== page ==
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Well that’s it for Day 1 folks, stay tuned for more TCFF coverage in the coming days!

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41 thoughts on “TCFF 2014 Opening Night Festivities + ‘Men, Women & Children’ review

  1. Great post Ruth. I had hoped Men Women and Children might be better than this as it has an interesting concept. I’ll still check it out when it’s released over here but I’ll keep my expectations low.

    1. Hi Natalie, the concept is indeed interesting but I didn’t think the execution works for me. Might still be worth a rental or matinee showing though, maybe you’ll like it more than I did.

    1. Hello James! I think it’s worth seeing when it’s out on rental as the subject matter is timely. Thanks for stopping by, hope you’ll stick around for more TCFF reviews 🙂

        1. I just chatted with a very gifted young actress who has two films screened at TCFF. Hope you’ll stop by to check out the interview. More reviews are coming too of course 😉

  2. Ted S.

    I really enjoyed Thank You For Smoking and Up in the Air but it looks like Reitman might need a change of genre since his last few films weren’t so successful and he seems to want to do the same thing over and over again. I might give this one a rent though.

    1. I don’t even remember what his last film was but yeah, those two films are my fave of his. Haven’t seen Juno yet, not all that excited about it for some reason.

  3. Too bad the movie disappoints. Draft Day wasn’t good either – hopefully the director is just slumping.

    But, on balance, at least the fest is off to a good start. 🙂

    1. I didn’t realize he did Draft Day too. Yeah sometimes even the best filmmakers hit a slump. Hopefully his next one would be a return to form. But yeah, the film fest is off to a great start. Wish you could attend at least one of the days, but hey there’s always next year 😉

  4. Sounds like a fun experience to go to. It’s a shame the opening film didn’t live up to those expectations as everyone is now saying that Jason Reitman is in a serious slump. He needs to reunite with Diablo Cody who is also in trouble after her own directorial debut didn’t go anywhere.

    1. Hi Steven, sorry for the tardy reply. It’s been a hectic weekend and next week will be nuts! Yeah too bad about Reitman but he’s a talented director so hopefully he’ll get back on track soon enough. I forgot what film Cody was working on lately, but yeah the two should collaborate again.

      1. The film Cody directed was something very forgettable that featured Octavia Spencer and Julianne Hough that went nowhere which I wasn’t surprised since Hough couldn’t act to save her life.

  5. jackdeth72

    Hi, Ruth:

    Thanks for giving me a reason to see, ‘Men Women Children’.

    Kaitlyn Dever. Whom you note as a secondary character, also played secondary and returning character, Loretta in ‘Justified’. Very attractive and far older, wiser and sly than any teenage girl needs to be. A great foil for Raylan (Timothy Olyphant).

    It’s be nice to see her playing a different character!

    1. Hi Kevin! Dever is very good here, she & Ansel Elgort had a nice chemistry and their storyline was one of the most engaging. Hey I’d love for you to do a post on ‘Justified,’ I know how much you LOVE that show and I think a lot of FC readers love it too 😉

  6. The premise of Men, Women and Children reminds me of Disconnect too, although the latter sounds underwheling. Such a shame, as Jason Reitman used to be a director I could count on every time. Hopefully his next project will be a return to form!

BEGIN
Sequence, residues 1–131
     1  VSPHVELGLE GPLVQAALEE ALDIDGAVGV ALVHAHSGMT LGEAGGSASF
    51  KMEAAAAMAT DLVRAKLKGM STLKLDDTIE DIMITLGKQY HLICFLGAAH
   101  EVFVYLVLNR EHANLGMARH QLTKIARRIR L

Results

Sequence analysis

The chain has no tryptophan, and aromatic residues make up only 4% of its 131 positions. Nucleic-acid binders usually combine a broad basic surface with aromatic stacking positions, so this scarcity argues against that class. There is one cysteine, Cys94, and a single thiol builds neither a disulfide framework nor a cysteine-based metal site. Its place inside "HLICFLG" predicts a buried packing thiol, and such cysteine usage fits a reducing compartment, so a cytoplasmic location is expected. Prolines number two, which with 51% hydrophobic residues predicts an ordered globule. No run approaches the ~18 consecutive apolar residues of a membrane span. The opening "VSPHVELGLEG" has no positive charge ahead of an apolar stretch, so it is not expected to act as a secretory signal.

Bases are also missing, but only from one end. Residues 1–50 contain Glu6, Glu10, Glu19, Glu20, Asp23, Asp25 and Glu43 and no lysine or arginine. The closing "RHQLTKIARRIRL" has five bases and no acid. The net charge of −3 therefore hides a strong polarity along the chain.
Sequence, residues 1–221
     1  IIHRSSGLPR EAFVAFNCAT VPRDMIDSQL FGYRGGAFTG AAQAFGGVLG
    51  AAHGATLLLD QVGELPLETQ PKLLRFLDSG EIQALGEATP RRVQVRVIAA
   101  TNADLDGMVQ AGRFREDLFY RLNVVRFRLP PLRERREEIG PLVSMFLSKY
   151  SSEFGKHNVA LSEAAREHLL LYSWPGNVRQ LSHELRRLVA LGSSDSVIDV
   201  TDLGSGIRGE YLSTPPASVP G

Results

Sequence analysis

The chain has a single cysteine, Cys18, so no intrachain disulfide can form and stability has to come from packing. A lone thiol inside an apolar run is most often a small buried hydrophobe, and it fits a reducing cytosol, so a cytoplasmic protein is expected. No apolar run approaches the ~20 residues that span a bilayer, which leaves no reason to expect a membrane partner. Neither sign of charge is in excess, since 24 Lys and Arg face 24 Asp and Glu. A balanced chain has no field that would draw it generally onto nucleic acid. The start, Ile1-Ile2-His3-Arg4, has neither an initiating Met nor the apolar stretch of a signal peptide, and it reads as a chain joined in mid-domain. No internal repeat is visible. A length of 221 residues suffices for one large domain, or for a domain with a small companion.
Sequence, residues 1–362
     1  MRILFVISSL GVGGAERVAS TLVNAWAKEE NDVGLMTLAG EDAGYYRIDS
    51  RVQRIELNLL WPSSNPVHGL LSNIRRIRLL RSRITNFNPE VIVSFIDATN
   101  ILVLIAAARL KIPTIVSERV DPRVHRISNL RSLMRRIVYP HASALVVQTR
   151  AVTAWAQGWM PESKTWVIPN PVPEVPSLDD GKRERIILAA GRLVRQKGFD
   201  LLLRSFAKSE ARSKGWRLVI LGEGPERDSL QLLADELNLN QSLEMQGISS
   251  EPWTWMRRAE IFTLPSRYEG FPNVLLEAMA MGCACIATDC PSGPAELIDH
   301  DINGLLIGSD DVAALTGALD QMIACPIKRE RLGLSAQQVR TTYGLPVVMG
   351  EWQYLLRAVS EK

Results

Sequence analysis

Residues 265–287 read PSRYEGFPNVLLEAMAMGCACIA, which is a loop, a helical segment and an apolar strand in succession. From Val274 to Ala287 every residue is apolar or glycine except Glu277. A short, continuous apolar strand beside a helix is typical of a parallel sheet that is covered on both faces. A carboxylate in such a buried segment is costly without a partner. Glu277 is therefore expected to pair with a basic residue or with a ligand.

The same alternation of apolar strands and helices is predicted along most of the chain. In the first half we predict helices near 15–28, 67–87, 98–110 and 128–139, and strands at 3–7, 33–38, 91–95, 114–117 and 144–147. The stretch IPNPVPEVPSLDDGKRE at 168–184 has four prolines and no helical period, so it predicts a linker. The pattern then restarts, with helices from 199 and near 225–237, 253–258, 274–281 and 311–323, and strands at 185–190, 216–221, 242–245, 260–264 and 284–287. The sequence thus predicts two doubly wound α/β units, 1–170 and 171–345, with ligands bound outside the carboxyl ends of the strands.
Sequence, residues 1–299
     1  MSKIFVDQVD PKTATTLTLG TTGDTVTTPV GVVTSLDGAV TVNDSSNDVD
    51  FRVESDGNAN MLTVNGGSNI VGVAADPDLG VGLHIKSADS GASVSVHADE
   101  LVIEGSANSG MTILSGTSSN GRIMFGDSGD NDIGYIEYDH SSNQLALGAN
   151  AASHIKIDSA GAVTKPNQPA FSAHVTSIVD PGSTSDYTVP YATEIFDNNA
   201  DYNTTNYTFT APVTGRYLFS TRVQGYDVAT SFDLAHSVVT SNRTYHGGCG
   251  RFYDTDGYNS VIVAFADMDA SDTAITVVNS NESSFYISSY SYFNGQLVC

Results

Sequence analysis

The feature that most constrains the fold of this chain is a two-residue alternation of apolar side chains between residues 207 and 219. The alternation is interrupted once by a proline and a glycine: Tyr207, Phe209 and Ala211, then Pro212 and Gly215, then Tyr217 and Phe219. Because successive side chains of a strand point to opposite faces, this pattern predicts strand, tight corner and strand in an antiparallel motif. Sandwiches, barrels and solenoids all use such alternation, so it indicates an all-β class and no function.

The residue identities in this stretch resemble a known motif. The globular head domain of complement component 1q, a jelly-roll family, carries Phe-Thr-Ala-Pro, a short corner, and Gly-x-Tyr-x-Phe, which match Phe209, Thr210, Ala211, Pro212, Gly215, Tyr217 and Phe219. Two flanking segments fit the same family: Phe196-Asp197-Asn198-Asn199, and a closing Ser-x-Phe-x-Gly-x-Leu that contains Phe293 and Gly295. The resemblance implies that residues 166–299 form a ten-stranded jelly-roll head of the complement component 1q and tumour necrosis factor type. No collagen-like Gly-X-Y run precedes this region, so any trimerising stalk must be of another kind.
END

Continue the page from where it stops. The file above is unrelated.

7. Jason Reitman’s movies has been hit and miss for me. I enjoyed Thanks For Smoking but Up In The Air which was critically acclaimed didn’t appeal to me. Too bad to hear his latest is another miss but I enjoyed reading your thoughts on it.

    1. Oh Up in the Air is actually quite good, and I’m not even a fan of Clooney. I think the two female cast, Vera Farmiga and Anna Kendrick are worth checking out in that film.

  8. Nice to see you covering TCFF again, Ruth!

    It’s too bad this film was such a dud. I loved Reitman’s first four films, but skipped over Labor Day due to the poor reviews. I’ll probably end up skipping this one, too. Hopefully he gets back on track with his next project.

  9. I read a similar review about Men, Women & Children not too long ago. It’s too bad, because I LOVE the idea and the cast, so I was hoping for something more. I was such a big fan of Up in the Air, that I thought Reitman could do it again. Sounds like overall, he just missed the mark with this one.

    BTW, looks like you’re having a ton of fun at TCFF! I have been traveling and sick the past several days, so I’m just now starting to play catch-up! Loving your posts so far, Ruth!

    1. Hey Kris! Thanks so much for all your comments on my TCFF coverage, I hope you can be here next year w/ Matt 🙂

      I think Men, Women & Children is still worth a rental, but yeah, a disappointment from his stellar work in Thank You For Smoking & Up in the Air. I do think he can bounce back and do great work again tho.

        1. Hey sounds good!! Would love to hang out w/ you guys again. Perhaps we can rent a movie again like last time so it’s much more relaxing 😀

  10. I have been seeing this movie promoted everywhere. I couldn’t tell whether it looked good or not. From your review, not sure if I am as enticed into seeing it as before. Sounds rather bland.

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  12. I’m intrigued by some of the performances, but Men, Women & Children does look problematic. Hopefully, Reitman will bounce back after this and Labor Day.

    1. Once you rent it, I’m curious to hear what you think of Men, Women & Children, Josh. It’s not horrible per se, just could’ve been so much better given the talents involved.